World Soccer looks at the chances of Belgium at this year's World Cup finals.
It had been 12 years since Belgium last qualified for a major tournament so –on October 11, 2013 – there was much rejoicing on a wet night in Zagreb, Croatia, as a Romelu Lukaku brace confirmed qualification.
Now that Marc Wilmots’ men are off to Brazil, the considered opinion is that they will qualify from Group H. After that, with Germany or Portugal likely to provide the opposition in the last 16, the hope is that Belgium could match anyone over 90 minutes.
The team conceded just four goals in 10 qualifying games, although that gives a somewhat incorrect picture as the defence is perhaps their weakest area. Undoubtedly, Thibaut Courtois is one of the finest keepers on the world stage, but there are question marks about all of the possible back four, with the exception of Vincent Kompany.
It’s in midfield – with Eden Hazard, Axel Witsel and Kevin Mirallas, to Dries Mertens, Kevin De Bruyne and Moussa Dembele – that coach Wilmots is spoiled for choice with
a number of combinations available.
Up front, Belgium have nearly always played with a lone striker, and Christian Benteke has been the preferred option. However, his recent injury has caused a headache for Wilmots as the introduction of Lukaku is not a like-for-like replacement.
In terms of support, the team is incredibly popular and all their recent matches have been sold out within hours. The media coverage will be close to 24/7 with all the major stations, from both sides of the language divide, broadcasting from Brazil.
Towards the end of last year, after Zagreb, there was a feeling that Belgium could reach the Final and maybe even win the tournament. Now, after three friendlies and no victories – against Colombia, Japan and Ivory Coast – hopes are more realistic.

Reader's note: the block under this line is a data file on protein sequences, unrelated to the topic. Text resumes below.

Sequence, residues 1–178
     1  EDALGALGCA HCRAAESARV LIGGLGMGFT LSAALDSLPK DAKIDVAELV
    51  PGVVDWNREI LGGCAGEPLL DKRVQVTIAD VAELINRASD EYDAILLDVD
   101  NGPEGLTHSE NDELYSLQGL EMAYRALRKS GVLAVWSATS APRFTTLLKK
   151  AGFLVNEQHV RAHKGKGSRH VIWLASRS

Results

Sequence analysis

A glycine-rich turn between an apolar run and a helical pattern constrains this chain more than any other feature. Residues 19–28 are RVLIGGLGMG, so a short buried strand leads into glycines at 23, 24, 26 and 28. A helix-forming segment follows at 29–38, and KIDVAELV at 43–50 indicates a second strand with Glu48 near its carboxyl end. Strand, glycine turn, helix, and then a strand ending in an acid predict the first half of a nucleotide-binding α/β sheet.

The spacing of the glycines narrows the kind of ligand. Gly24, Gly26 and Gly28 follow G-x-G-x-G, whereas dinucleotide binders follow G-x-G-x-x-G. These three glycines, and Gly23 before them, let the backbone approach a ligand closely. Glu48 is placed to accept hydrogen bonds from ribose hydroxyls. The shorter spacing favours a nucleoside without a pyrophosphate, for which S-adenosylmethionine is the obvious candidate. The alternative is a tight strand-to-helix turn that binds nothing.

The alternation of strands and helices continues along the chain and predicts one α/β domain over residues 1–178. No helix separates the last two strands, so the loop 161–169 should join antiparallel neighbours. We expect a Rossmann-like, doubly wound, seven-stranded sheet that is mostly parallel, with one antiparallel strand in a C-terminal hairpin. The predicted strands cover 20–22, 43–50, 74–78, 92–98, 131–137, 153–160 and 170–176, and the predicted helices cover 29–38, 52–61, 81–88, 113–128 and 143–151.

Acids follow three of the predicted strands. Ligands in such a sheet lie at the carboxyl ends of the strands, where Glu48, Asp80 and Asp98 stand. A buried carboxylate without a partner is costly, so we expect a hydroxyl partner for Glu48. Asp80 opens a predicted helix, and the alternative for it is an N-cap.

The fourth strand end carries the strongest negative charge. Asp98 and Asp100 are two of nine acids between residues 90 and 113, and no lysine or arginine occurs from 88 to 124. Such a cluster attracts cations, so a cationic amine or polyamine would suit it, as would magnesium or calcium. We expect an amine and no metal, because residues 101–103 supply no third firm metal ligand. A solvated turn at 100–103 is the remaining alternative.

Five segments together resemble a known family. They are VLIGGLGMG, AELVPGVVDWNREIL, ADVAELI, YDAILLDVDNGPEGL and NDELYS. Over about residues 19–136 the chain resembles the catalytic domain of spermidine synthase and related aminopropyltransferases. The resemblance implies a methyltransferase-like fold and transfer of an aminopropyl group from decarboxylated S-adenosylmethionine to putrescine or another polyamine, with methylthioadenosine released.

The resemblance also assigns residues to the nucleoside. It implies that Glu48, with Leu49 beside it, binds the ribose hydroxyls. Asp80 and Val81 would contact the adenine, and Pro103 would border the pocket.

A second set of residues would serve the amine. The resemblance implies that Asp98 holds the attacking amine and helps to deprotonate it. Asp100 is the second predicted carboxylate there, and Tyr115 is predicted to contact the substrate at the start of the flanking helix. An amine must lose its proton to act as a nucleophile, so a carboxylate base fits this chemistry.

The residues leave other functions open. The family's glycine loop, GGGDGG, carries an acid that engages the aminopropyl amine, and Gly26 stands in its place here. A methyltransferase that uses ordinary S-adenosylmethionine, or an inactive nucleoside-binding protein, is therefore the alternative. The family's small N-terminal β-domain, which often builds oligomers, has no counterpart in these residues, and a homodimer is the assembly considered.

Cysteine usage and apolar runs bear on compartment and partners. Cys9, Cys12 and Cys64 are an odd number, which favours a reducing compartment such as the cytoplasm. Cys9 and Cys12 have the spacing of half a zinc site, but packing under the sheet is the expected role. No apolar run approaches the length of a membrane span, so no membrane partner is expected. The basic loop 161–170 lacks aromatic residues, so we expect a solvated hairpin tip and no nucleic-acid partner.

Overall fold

The recent poor results in the post-qualifier friendlies have taken the heat off Wilmots and, with several players – notably, Marouane Fellaini, Thomas Vermaelen and Jan Vertonghen – underperforming in the “big” leagues, the coach is looking forward to regrouping before settling on his final 23.
But most importanly, after a long wait, Belgium are back on the biggest stage of all.
Age 45 (22.02.69). Belgium coach since May 2012
How he got the job
Became assistant to national coach Dick Advocaat in 2009 and remained as number two under Georges Leekens.
Past successes as a coach
Past failures as coach
In 2004-05, he coached Sint-Truiden, the club where he had started his playing career in 1987. He was sacked after just six months.
Achievements as a player
Won the title with Mechelen in 1989. After five seasons with Standard Liege, he joined Schalke in 1996 and helped them to win the UEFA Cup in 1997, scoring the decisive penalty in a shoot-out with Internazionale.
World Cup experience
He went to four World Cups as a player but did not play in 1990 and made just one appearance in 1994. Was ever-present in midfield in 1998 and had a goal disallowed in the 2002 quarter-final against Brazil.
Relationship with the media
Generally keeps the press on a tight rein, but this has not been a problem during his successful period in charge.
Relationship with public
As Belgium have qualified, with a squad that plays in Europe’s major leagues, he can do no wrong.
Style of management/coaching
He demands loyalty and discipline from his players and in return he’s loyal to those who have brought him success. Very much a hands-on coach and happiest out on the training pitch.
Notable backroom staff
Vital Borkelmans was in the 1994 World Cup squad with Wilmots, while chief physio Lieven Maesschalck has worked with players from many nations.
After the World Cup
Has signed for four more years, taking him beyond the Euros and up to 2018.
Goalkeepers: Thibaut Courtois (Atletico Madrid, on loan from Chelsea), Simon Mignolet (Liverpool), Sammy Bossut (Zulte Waregem).
Defenders: Toby Alderweireld (Atletico Madrid), Laurent Ciman (Standard Liege), Nicolas Lombaerts (Zenit St Petersburg), Vincent Kompany (Manchester City), Daniel Van Buyten (Bayern Munich), Anthony Vanden Borre (Anderlecht), Thomas Vermaelen (Arsenal), Jan Vertonghen (Tottenham).
Midfielders: Nacer Chadli, Mousa Dembele (both Tottenham), Steven Defour (Porto), Kevin De Bruyne (Wolfsburg), Marouane Fellaini, Adnan Januzaj (both Manchester United), Eden Hazard (Chelsea), Kevin Mirallas (Everton), Divock Origi (Lille), Axel Witsel (Zenit St Petersburg)
Attackers: Romelu Lukaku (Everton, on loan from Chelsea), Dries Mertens (Napoli).
Group H fixtures
Jun 17 v Algeria (Belo Horizonte)
Jun 22 v Russia (Rio de Janeiro)
Jun 26 v South Korea (Sao Paulo)